I rolled my eyes,  and signed a petition that made it clear the Nashville Satement did not speak for me, my church, my denomination or my faith.

As I was writing this sermon, I received an email from the organizers of the petition I signed announcing the tremendous response they had received.

The title of the email?  “It’s blowing up in their faces.”  

Seriously, I wondered?  Is this the best we can do?  Are we trying to lead into violent battle with them, or might we follow Jesus to do something new, and invite them to join us in our mission, as Jesus does Peter?

The incredible tragedy and loss of life that Hurricane Harvey brought was no match for our lust for vengeance.  “Remember how those representatives voted during Sandy?  Now it’s their turn.” 

Jesus is not seeking vengeance.  He does not want to wage physical war with Rome, make them suffer, have this whole occupation thing “blow up in their face,” as addictive as that might be for his followers to fantasize.

Can we fight for justice without harming those with whom we disagree with our actions or our words? Can we love others into transformation?  Can we see even those who represent everything we hate as beloved children of God and talk about them as if they are? Can we fight vengeance with the radical love of God?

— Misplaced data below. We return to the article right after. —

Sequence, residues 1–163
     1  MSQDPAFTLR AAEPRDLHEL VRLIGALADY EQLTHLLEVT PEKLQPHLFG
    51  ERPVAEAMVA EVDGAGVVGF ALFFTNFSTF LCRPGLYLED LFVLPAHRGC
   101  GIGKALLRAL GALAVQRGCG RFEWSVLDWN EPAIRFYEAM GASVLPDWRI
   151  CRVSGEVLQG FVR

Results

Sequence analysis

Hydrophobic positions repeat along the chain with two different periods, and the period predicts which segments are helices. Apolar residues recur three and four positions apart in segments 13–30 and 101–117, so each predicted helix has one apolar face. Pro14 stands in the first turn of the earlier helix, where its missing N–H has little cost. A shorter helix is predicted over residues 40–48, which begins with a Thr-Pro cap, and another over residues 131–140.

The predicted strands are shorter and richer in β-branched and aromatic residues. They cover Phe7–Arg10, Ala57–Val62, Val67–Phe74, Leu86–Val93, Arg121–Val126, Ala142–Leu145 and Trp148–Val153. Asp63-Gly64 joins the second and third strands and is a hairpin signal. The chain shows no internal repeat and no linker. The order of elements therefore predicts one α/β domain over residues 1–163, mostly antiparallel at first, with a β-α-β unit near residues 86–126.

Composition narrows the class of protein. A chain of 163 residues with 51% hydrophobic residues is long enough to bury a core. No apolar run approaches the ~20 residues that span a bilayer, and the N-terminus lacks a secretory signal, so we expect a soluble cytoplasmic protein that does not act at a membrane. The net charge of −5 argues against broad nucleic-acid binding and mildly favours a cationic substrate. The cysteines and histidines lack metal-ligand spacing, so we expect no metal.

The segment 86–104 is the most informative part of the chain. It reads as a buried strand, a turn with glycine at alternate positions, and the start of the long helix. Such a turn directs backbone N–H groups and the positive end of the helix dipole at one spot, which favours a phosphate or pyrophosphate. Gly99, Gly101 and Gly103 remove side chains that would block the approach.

I do not think anyone could accuse Jesus of being shy about calling others to task, or too weak because he would not raise a fist.  He fought injustice, he called people to task, he was known to flip a table to make a point.  But is precisely because Jesus would not answer vengeance with vengeance that we are here, 2,000 years later as his followers.

Jesus’ audience wasn’t only those who sought to crown him a military King.  He was equally interested in the transformation of those who sought his destruction.

Jesus created a beloved community where love, not vengeance would be our only motivation, love not vengeance, would lie behind our every word.  Jesus knew that, as the one at the front of such a movement, he would suffer and die, as others have who followed his lead.